Whether you love or hate cloying Hallmark Christmas movies, some say that they are more like slow moving horror movies (https://www.salon.com/2018/11/19/all-hallmark-christmas-movies-are-horror-films-in-disguise/) with their forced choices, deceptive identities, isolated locations and mangled communications.

Hallmark movies have their fans – and they might even serve us as an important refuge in uncertain times.

Instead of worrying about your job security, North Korea or the gyrations of the stock market, take a look at a Christmas movie or two (https://www.huffingtonpost.com/entry/why-we-need-hallmark-holiday-movies_us_5a40126be4b06cd2bd03dbd2).

As with any art form, there are good holiday movies  and there are terrible ones. We all have our favorites, the ones we see almost every year, but here is a list of the 20 worst Christmas movies if you need something different – https://www.pastemagazine.com/articles/2014/12/the-20-worst-christmas-movies-of-all-time.htmlw

2018’s contribution to mixed feelings about the holiday season could perhaps be best summed up by the controversy over the ultimate date rape hymn “Baby, it’s cold outside.”  (3*)

In art, fashion, music and politics, the line between satire and reality grow more blurry by the day.

Is technology our savior or our ultimate enslavement? Is Russia our enemy or our friend? Is that a doctor telling us on TV what drug we should use or an actor that is portraying a doctor. Was Ronald Reagan an actor playing a president, or was he a real president? What does it mean when we call an appliance or vehicle “smart”? Is Alexa really always listening to us? Who does she tell?

What does it say about us when Fox News anchors are appointed as heads of federal government agencies because….well, I don’t know why, but I am sure it will be fodder for future questions on the next Trivial Pursuits game on the second decade of the 21st Century.

Like the 1970s, we live in an era where fantasy and reality are nearly indistinguishable, where the preposterous has become the normal, where compassion and generosity and decency have become punch lines and bare-naked opportunism has become somehow valorous.

The shallow pretentiousness of the 1970s seems almost innocent compared to the callous obliviousness of our typical urban scene, standard conversation or entertainment.

We have a record number of homeless, addicted and incarcerated in America right now. We, who have prided ourselves on welcoming refugees and even being a nation of immigrants, currently gas fugitives from persecution, corruption and oppression at our borders. History will not look kindly on our betrayal of our own principles.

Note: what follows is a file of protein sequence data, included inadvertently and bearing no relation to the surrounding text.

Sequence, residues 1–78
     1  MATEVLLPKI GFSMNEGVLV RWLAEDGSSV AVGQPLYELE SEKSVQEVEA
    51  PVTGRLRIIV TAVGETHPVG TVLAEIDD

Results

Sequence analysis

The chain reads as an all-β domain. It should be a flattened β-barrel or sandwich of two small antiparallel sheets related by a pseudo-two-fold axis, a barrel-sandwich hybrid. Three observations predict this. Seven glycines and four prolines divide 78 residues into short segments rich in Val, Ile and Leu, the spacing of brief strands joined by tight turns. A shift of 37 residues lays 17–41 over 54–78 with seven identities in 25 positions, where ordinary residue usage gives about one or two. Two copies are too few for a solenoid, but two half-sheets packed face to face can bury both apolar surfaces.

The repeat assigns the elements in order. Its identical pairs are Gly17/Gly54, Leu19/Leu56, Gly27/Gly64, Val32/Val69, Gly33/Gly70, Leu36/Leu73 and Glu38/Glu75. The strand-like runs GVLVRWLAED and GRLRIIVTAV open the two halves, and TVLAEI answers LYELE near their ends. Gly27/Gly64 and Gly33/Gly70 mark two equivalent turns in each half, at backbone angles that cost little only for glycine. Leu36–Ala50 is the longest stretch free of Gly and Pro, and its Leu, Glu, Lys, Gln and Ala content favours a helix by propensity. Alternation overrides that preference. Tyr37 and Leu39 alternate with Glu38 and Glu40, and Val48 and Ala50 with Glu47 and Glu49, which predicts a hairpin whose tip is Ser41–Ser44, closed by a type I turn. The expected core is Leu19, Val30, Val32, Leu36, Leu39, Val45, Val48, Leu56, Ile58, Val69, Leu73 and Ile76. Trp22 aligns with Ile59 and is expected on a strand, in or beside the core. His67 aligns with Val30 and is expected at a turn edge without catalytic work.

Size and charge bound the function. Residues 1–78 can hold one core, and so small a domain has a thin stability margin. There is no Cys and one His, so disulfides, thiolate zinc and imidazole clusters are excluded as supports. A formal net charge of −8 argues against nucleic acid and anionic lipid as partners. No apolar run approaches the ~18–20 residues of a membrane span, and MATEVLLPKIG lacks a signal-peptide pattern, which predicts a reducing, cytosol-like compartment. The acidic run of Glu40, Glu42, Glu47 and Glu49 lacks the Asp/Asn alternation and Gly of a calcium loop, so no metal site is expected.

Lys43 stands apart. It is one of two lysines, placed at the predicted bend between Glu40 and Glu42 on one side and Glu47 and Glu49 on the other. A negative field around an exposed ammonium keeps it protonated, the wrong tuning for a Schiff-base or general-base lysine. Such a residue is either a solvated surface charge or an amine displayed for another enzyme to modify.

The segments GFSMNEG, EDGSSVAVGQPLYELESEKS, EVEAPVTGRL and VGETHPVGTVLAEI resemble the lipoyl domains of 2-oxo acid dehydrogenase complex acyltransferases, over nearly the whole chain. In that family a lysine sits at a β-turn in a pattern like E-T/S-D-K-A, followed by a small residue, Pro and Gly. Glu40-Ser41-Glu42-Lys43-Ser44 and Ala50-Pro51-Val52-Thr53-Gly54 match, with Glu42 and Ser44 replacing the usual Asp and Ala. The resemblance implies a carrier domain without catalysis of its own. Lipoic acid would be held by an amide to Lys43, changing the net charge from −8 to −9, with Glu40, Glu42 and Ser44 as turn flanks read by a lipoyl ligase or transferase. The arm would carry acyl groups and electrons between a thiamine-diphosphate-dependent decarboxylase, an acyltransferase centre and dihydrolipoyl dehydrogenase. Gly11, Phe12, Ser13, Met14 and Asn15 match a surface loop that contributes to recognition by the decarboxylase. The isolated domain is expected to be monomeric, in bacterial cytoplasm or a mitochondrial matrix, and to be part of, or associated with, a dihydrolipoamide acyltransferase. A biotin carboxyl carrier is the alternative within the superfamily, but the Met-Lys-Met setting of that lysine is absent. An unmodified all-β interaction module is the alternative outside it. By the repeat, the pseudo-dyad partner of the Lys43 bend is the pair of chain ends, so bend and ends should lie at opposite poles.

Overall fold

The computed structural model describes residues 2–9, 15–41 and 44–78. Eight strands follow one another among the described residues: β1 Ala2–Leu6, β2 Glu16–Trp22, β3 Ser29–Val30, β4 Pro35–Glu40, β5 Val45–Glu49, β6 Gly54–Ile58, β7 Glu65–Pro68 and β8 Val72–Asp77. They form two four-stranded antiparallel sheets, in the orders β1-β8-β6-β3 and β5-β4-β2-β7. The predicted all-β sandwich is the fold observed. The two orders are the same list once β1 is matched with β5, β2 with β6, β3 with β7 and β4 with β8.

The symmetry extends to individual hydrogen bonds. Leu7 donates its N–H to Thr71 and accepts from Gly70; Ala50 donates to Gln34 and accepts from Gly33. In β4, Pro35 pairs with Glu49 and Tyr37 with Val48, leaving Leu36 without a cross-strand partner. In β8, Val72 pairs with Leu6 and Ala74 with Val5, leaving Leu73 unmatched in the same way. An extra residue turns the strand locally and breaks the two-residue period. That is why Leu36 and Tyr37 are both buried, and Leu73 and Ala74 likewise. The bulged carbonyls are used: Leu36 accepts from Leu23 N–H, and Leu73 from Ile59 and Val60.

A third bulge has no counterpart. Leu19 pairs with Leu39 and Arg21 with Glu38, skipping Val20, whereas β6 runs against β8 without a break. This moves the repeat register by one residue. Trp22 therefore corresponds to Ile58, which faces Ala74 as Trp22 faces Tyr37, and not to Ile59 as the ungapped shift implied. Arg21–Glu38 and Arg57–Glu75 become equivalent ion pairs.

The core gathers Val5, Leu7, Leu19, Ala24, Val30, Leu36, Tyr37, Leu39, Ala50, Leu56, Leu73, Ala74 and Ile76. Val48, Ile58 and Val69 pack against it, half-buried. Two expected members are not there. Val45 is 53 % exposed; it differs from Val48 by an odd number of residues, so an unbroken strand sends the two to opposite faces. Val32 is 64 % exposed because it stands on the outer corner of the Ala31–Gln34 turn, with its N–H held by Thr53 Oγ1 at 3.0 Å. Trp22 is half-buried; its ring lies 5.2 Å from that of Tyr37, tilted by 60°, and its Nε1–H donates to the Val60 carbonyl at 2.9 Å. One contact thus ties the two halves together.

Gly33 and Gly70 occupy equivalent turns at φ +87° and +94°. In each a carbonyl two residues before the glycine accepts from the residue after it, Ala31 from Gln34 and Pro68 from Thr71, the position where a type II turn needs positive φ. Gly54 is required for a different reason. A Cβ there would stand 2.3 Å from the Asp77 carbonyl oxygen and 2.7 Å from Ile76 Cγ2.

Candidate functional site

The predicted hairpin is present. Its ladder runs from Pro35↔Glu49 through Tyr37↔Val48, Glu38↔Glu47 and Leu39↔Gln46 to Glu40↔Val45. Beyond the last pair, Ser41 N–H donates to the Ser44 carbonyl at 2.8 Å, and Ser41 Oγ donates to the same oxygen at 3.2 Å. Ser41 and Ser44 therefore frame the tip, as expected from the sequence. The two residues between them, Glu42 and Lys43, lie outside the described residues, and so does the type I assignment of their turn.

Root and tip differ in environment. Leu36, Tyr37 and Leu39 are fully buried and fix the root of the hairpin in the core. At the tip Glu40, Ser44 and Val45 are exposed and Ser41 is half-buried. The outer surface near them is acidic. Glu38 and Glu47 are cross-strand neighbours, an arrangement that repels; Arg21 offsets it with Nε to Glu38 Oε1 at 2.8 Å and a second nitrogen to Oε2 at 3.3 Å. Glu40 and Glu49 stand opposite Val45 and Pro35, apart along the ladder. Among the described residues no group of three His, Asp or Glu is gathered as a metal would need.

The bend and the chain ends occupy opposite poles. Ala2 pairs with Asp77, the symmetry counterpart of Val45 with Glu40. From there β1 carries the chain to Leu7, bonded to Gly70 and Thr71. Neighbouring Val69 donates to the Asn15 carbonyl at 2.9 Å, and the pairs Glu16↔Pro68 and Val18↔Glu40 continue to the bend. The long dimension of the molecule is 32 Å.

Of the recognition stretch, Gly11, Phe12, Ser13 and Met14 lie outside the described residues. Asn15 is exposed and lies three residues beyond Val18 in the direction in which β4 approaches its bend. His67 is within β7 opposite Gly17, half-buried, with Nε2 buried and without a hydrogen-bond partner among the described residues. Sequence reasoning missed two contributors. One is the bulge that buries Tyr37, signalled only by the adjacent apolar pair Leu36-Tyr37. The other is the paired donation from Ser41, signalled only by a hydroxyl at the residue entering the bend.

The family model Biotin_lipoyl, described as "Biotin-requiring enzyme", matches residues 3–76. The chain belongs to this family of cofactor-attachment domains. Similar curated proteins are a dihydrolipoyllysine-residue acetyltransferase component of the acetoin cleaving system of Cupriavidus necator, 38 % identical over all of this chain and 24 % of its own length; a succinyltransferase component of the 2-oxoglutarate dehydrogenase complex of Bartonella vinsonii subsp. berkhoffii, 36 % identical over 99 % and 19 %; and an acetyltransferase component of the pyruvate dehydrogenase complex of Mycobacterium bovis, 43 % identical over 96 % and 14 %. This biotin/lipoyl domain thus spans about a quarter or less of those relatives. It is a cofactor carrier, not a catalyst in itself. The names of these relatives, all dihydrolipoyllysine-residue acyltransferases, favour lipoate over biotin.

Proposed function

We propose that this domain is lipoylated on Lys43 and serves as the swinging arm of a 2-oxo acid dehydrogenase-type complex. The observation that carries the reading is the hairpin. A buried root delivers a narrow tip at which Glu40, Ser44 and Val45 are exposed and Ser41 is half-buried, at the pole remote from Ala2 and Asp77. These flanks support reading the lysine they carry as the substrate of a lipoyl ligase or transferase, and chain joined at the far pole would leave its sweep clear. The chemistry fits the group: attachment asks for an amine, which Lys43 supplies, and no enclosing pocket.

When we incarcerate children and toddlers represent themselves in court (https://www.theatlantic.com/politics/archive/2018/08/children-immigration-court/567490/) we have long ago abandoned human decency and earned every word of mockery we get.

Even as David Attenborough warns us of the imminent collapse of civilization (https://www.theguardian.com/environment/2018/dec/03/david-attenborough-collapse-civilisation-on-horizon-un-climate-summit?) we act as if we don’t know any better.

Perhaps we don’t.


(1*)   Does anyone use the word “fond” anymore?

(2*)   https://www.collectorsweekly.com/articles/the-truth-about-cosby-sweaters/  or http://newsfeed.time.com/2011/12/22/a-brief-history-of-the-ugly-christmas-sweater/. Even Britain’s Royal family cannot escape the taint of the ugly holiday sweater phase – https://people.com/royals/meghan-markle-prince-harry-wax-figures-ugly-christmas-sweaters/

(3*)   This might be my bias, but any song, marketing phrase or political slogan with “baby” in it deserves as much mockery as it can get.


The Museum of Flight is offering $2 admission discounts to each visitor to the Museum wearing an “ugly” holiday sweater on Dec. 20 and Dec. 21!


Alaska Airlines is offering early boarding to those wearing holiday sweaters on Dec.  21 – see article here.